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What is the simplest method for solving $x(x+a)=a$ or $x=a/(x+a)$ for a? I think there's a trick for solving algebra questions like this. This problem comes up when deriving the sum of a geometric series. I believe a is the sum of such a series.

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Rewrite the equation $x(x+a)=a$ as $x^2+ax=a$ and then as $x^2=a-ax=a(1-x)$; provided that $x\ne 1$, you can divide through by $1-x$ to get

$$a=\frac{x^2}{1-x}=\frac{x^2-1+1}{1-x}=\frac{(x-1)(x+1)}{1-x}+\frac1{1-x}=-x-1+\frac1{1-x}\;.$$

If $x=-1$, the original equation is $a-1=a$, or $-1=0$, which is obviously impossible anyway.

For $|x|<1$ you can expand this into an infinite series:

$$a=-x-1+\sum_{n\ge 0}x^n=\sum_{n\ge 2}x^n\;.$$

Added: You can also get this directly from $a=\frac{x^2}{1-x}$:

$$a=\frac{x^2}{1-x}=x^2\sum_{n\ge 0}x^n=\sum_{n\ge 0}x^{n+2}=\sum_{n\ge 2}x^n\;.$$

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  • $\begingroup$ I'm sorry. My question was not clear. I want to solve for a, not x. $\endgroup$ – jim smity Oct 15 '13 at 23:41
  • $\begingroup$ @jim: Okay; I’ve revised my answer to fit the question. $\endgroup$ – Brian M. Scott Oct 15 '13 at 23:45
  • $\begingroup$ Thanks. There are a few algebra tricks in there that I am not familiar with. $\endgroup$ – jim smity Oct 16 '13 at 0:03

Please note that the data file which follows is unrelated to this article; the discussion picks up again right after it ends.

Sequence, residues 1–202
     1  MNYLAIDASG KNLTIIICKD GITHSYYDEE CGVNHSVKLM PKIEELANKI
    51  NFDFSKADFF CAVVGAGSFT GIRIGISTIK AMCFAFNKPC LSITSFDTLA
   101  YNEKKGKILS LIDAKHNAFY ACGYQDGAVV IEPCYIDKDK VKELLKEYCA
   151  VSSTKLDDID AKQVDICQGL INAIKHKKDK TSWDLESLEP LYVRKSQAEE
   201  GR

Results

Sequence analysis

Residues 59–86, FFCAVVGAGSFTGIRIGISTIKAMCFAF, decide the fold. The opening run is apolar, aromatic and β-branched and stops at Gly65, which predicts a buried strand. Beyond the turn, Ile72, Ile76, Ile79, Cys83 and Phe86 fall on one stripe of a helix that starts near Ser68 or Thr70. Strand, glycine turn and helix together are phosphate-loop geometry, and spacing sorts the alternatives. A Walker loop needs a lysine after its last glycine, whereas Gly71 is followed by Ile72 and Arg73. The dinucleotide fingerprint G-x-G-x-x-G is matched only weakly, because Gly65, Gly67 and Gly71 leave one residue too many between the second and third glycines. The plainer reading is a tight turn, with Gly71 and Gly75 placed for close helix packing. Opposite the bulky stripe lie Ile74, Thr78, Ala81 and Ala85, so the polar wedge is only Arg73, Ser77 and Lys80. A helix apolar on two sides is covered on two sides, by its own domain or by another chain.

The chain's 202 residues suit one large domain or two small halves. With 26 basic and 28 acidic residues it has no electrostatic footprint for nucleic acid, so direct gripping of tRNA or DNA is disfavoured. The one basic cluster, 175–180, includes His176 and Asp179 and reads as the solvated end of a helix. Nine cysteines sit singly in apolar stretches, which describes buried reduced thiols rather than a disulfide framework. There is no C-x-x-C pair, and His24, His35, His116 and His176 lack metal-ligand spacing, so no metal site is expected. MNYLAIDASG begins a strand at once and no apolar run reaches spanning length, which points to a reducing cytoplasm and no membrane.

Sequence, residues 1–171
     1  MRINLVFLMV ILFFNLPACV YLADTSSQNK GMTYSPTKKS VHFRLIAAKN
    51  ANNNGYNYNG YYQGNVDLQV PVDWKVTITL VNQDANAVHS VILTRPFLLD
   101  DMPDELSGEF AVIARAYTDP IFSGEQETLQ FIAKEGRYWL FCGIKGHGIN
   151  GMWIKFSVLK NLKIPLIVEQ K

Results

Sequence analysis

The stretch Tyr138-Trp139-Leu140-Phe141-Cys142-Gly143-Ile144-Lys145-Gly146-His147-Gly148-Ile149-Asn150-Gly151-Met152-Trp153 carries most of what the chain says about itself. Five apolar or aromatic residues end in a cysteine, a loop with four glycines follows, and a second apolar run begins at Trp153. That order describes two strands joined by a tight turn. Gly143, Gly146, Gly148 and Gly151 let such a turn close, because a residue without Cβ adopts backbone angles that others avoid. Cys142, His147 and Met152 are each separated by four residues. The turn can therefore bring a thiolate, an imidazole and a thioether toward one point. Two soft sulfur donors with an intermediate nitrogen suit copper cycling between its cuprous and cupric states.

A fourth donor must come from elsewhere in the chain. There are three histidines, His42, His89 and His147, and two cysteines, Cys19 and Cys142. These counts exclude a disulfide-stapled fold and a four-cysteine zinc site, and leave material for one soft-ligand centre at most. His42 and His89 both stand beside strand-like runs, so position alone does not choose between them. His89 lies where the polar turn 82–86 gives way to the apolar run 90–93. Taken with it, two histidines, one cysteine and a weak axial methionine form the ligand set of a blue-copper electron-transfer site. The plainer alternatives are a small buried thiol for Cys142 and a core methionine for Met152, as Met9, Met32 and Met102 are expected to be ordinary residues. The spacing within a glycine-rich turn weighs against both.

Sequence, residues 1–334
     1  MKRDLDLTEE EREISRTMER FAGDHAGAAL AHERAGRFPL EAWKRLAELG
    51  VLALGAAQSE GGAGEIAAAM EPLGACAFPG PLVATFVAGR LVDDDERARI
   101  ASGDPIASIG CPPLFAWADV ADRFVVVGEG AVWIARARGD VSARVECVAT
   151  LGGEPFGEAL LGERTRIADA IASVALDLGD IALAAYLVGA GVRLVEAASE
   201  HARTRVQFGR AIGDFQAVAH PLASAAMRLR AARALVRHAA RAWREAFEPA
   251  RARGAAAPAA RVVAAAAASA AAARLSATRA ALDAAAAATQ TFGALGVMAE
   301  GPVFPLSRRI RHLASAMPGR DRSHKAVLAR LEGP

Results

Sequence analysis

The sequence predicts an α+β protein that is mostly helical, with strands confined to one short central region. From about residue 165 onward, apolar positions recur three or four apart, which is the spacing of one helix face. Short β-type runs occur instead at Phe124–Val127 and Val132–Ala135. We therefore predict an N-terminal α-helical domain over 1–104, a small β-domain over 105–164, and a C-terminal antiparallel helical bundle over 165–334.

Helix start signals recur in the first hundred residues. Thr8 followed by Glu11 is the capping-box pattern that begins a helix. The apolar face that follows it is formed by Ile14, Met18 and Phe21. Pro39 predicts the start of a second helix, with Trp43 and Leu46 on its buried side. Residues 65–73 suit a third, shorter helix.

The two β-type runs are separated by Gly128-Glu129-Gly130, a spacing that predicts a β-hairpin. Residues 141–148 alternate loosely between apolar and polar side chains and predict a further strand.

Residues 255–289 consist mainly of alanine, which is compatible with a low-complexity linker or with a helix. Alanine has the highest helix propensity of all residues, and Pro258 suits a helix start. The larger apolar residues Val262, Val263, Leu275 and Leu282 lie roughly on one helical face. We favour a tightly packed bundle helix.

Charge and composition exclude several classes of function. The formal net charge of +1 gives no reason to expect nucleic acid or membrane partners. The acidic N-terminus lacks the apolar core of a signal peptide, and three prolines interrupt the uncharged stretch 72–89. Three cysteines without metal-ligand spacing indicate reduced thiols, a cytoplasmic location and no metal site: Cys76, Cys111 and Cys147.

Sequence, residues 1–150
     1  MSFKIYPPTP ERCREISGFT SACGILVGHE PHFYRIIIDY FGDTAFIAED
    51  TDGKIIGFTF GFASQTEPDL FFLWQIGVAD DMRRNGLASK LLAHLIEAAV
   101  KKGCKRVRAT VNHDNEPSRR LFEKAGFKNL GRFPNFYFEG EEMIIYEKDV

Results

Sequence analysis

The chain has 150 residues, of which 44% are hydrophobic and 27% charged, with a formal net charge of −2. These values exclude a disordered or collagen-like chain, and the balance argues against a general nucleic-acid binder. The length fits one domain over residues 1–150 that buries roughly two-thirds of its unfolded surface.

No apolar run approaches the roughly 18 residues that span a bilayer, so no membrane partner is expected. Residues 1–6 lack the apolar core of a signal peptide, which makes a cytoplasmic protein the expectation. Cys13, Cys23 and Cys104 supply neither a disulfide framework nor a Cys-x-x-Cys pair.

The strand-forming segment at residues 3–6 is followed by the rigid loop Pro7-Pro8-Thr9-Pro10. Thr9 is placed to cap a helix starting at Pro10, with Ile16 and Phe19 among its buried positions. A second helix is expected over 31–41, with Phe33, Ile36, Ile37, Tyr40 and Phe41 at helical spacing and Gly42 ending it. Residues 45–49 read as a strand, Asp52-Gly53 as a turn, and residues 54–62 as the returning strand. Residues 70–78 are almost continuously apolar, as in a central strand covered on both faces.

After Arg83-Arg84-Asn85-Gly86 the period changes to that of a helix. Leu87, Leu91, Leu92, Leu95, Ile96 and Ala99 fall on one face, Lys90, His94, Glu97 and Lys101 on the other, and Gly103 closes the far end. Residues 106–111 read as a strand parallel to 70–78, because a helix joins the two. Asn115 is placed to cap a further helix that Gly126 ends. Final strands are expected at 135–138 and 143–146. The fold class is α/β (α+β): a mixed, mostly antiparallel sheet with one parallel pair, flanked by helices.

• $\begingroup$ @jim: Which ones? $x^2=x^2-1+1$ is clear, I think, even if it’s not something that might have occurred to you; then I factored $x^2-1$ as the difference of squares to get $(x-1)(x+1)$, rewrote $\frac{a+b}c$ as $\frac{a}c+\frac{b}c$ (where $a=(x-1)(x+1)$, $b=$, and $c=1-x$), and observed that $\frac{x-1}{1-x}=\frac{-(1-x)}{1-x}=-1$. $\endgroup$ – Brian M. Scott Oct 16 '13 at 0:09
  • $\begingroup$ It didn't occur to me to add -1+1. I've seen that done before though. I just forget to do that sort of thing. I also felt that there is a method of multiplying both numerators or denominators to immediately get a. $\endgroup$ – jim smity Oct 16 '13 at 0:16
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In either case, the equation is a quadratic in $x$, so if $a$ is a constant, you can simply solve for $x$ using the quadratic formula:

$$ x = \dfrac{-b \pm \sqrt{b^2 - 4ac}}{2a}, $$ given that $ax^2 + bx + c = 0$, which is an easy form to put these into.

If $x$ is given, then both of these equations are just linear equations in $a$, which are easy to solve.

$x(x + a) = a$ becomes $x^2 + ax = a$, or $a(x - 1) = -x^2$, so $a = \frac{-x^2}{x - 1}$, assuming that $x \ne 1$. If $x = 1$, then this equation is $1(1 + a) = a$, or $a = 1 + a$, which has no solution.

A similar method works for the other form of equation.

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  • $\begingroup$ I'm sorry. My question was not clear. I want to solve for a, not x. $\endgroup$ – jim smity Oct 15 '13 at 23:41
  • $\begingroup$ As qaphla stated: "If $x$ is given, then both of these equations are just linear equations in $a$, which are easy to solve." Are you now able to solve for $a$ by seeing $x(x+a)=a \Longleftrightarrow x^2+ax=a$? $\endgroup$ – Patterns_43 Oct 16 '13 at 0:10

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